Events & Exhibitions
Today is #worldufoday2020 grab a hand screened cotton ringer T-shirt based on 1950s or 1970s vintage designs worn at George Van Tassel’s UFO conventions at #giantrock. Use code worldufoday for a 15% discount at https://positionalprojects.bigcartel.com/
Part of proceeds will help with Giant Rock clean-ups and volunteer activities.
Offer ends Sunday, July 5 at 8pm.
For the past two years the West Coast Bricksters made actions at Trump’s golf course in Palos Verdes, but many in our group wanted to take the action to the Women’s March in downtown Los Angeles.
We found a spot and began our silent action inspiring some tears, some thumbs up and some applause from those who stopped to read our wall.
For the 5th annual fall clean up, working with the Bureau of Land Management’s Barstow office, the Mojave Desert Land Trust, the Landers Community Association and this year a new partner, High Desert Keepers, I organize an opportunity for community members from around the Morongo Basin to help steward the infamous site while I share my research and stories relayed by oral history interviewees.
This year we had 50 volunteers, both young and old. Each received a day pass for free National Park access, a complimentary National Public Lands Day T-Shirt and lunch donated and delivered by Michael at the $5 Pizza Place.
Rachael Buettell at Black Luck Vintage in Yucca Valley graciously hosted a free silkscreening workshop featuring graphics I recreated based on actual designs found in my research from 1957 and the early 70’s UFO Conventions led by George Van Tassel. Attendees choose a screen and some applied both designs on the front and back of their t-shirts.
The eventbrite tickets to reserve a spot went quickly. You can score your own shirt here!
From the Exhibit Guide:
SELECTIONS FROM THE WASTE WUNDERKAMMER – STATION ELEVEN EDITION
Welcome to the non-fiction of our human enterprise. This is a portion of a ‘cabinet of curiosities’, where each piece has been found in our desert, collected from 2013 to the present, a small representation of residue languishing in our fragile arid eco-system.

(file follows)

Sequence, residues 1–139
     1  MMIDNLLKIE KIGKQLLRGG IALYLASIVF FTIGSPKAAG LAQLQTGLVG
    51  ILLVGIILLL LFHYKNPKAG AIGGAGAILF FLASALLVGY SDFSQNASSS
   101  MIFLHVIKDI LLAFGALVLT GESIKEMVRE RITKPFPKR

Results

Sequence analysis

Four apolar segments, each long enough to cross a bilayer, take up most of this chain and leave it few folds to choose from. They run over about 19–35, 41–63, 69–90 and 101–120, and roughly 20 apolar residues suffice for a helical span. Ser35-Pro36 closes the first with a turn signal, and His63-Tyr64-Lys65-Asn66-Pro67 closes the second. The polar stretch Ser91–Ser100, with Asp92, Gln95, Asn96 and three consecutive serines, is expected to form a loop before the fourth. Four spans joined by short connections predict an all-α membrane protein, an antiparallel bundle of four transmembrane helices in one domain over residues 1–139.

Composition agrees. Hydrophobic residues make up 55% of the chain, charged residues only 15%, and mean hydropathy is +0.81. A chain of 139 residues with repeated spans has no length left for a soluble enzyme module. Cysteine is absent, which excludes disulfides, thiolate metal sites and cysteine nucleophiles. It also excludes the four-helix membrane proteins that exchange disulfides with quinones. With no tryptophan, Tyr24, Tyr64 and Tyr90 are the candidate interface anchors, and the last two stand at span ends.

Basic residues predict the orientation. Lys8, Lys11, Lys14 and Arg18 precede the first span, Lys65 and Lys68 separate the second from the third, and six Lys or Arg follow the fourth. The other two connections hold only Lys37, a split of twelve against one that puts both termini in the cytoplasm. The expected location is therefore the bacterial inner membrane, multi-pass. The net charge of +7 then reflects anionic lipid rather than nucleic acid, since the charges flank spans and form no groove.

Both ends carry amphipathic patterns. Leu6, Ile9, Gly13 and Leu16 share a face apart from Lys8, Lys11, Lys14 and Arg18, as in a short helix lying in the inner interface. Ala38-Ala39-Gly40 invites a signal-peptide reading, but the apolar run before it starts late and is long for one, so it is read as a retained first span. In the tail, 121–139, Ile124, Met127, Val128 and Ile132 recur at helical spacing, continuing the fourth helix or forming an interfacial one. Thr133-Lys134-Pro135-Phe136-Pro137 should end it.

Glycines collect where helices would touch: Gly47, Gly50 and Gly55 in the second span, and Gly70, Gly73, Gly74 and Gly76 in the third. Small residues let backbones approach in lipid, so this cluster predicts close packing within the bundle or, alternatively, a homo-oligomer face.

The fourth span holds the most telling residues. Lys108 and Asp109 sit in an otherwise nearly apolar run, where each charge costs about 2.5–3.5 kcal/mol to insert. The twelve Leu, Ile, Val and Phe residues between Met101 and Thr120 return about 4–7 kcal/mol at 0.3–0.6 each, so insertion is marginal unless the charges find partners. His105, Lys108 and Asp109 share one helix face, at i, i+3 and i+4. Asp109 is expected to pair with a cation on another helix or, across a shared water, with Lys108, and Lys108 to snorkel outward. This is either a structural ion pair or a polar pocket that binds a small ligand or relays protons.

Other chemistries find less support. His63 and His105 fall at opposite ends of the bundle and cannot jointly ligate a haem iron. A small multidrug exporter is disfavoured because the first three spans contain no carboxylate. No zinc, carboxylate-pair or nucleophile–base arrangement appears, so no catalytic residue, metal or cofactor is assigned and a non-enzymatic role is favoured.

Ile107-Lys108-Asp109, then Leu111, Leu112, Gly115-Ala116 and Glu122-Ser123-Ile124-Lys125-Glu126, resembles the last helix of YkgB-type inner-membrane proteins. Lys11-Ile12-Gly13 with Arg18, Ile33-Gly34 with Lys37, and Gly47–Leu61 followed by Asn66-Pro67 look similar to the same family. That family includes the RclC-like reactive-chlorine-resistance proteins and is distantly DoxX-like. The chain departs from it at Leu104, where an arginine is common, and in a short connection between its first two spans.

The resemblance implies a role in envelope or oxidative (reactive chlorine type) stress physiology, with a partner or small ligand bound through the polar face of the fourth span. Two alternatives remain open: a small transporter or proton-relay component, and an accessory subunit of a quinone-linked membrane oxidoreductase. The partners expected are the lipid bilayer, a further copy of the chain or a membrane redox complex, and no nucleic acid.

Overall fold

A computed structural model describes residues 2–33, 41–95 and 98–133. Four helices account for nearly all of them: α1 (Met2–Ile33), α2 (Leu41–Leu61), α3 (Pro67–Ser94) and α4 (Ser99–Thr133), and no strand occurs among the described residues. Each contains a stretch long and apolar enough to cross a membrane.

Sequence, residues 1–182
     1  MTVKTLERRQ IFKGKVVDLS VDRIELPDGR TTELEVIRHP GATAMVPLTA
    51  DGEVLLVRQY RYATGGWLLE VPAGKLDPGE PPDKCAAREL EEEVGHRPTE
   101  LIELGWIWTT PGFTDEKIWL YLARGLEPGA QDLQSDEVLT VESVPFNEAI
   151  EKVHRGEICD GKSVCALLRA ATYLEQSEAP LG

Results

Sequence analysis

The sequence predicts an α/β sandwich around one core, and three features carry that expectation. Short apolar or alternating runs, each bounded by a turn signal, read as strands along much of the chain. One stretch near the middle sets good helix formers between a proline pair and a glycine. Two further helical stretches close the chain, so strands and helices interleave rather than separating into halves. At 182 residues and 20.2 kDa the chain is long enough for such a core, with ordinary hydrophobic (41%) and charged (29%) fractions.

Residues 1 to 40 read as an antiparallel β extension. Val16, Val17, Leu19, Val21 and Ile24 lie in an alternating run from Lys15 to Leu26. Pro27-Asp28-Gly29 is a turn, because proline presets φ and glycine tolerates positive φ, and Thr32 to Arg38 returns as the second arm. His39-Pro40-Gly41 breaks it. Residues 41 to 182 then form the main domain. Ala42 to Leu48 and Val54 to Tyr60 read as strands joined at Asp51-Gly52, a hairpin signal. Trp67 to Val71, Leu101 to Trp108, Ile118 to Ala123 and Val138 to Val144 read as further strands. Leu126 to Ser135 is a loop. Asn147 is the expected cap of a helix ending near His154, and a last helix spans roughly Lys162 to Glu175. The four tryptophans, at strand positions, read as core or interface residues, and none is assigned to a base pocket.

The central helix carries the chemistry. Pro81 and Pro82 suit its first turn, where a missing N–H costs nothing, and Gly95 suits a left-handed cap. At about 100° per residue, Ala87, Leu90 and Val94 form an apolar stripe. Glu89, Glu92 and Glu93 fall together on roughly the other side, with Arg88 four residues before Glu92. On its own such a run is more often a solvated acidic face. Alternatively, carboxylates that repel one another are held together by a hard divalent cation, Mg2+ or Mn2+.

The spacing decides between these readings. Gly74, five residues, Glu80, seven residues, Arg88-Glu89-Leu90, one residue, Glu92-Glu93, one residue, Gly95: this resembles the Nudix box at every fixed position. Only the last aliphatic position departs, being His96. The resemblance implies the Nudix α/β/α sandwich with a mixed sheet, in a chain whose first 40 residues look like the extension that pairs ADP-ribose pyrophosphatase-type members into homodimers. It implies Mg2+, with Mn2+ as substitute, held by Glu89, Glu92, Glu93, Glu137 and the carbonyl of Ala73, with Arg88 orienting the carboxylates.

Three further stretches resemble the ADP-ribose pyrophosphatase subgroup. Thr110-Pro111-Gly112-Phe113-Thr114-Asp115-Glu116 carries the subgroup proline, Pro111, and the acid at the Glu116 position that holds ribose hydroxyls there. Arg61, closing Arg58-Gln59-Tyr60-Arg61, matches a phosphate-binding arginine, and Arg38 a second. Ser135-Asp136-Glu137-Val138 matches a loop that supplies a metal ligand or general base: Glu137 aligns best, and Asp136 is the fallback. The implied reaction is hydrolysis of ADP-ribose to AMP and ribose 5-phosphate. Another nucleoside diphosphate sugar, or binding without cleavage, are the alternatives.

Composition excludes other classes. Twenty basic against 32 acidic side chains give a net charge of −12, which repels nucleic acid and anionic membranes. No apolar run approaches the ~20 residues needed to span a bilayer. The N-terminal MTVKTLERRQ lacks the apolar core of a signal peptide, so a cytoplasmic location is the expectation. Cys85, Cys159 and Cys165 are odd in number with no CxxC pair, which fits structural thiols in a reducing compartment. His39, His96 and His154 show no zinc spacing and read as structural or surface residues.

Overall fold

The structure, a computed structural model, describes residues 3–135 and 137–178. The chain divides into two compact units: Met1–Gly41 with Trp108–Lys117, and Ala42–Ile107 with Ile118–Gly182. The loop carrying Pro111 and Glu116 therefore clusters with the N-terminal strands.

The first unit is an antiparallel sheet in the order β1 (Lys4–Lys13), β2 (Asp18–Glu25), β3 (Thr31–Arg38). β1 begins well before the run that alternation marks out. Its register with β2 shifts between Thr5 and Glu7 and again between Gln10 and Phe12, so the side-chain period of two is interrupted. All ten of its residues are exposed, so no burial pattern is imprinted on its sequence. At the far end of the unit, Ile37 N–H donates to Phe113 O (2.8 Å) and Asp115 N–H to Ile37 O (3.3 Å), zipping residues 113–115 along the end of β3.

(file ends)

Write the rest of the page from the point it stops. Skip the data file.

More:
These selections are inspired by author Emily St. John Mandel’s character of Clark in Station Eleven where his museum of civilization in the airport on Concourse C is both an homage to his lost love and a material culture education for the younger survivors.
— Karyl Newman
About the Exhibition: Concourse C
In the spirit of community, assemblage art, and curio, Yucca Valley Visual and Performing Arts Center presents Concourse C. Inspired by the book Station Eleven and its post pandemic genesis of an airport community, the exhibition explores the repurposing of discarded waste into potential functioning shelter and as an archive of human enterprise.
Cathy Allen’s assemblage structure will be on view alongside selections from Karyl Newman’s Waste Wunderkammer collection of objects found lingering in the desert. The collection parallel’s Station Eleven’s Museum of Civilization, a display of extinct technology housed in the gift shop of Concourse C.
— NEA Big Read Morongo Basin
So glad friends and grant partners at the BLM-Barstow office called to see if we could bring the community together again for National Public Lands Day on Saturday, October 6th from 8:00AM – 12:00PM.
Join us! I have also invited a few of our expert collaborators to share their ongoing research as part of Our Giant Rock – A Community Touchstone in the Mojave, which was awarded a California Humanities Project Grant in December 2017. This #storiesandstewardship event is part of the grant program with the Hi-Desert Nature Museum in advance of our digital exhibit opening in Fall of 2019. We are joined again by the Mojave Desert Land Trust and the Landers Community Association and of course my creative reuse mapping project Blightsites. We will provide water, the amazing tool trailer, safety and conservation information and complimentary 2018 NPLD t-shirts!
Sign up here with MDLT or just show up.
Please join is to learn more about our cultural heritage and meet other volunteers who share an appreciation of our precious public lands at this important Mojave boulder!
So pleased to be invited by Cathy Allen to share my placekeeping pop-up projects at the annual Arts Connection – The Arts Council of San Bernardino Conference. Join us Saturday, September 29th.
Alternative Methodology for Creative Expression – led by Cathy Allen from 3:00 – 4:15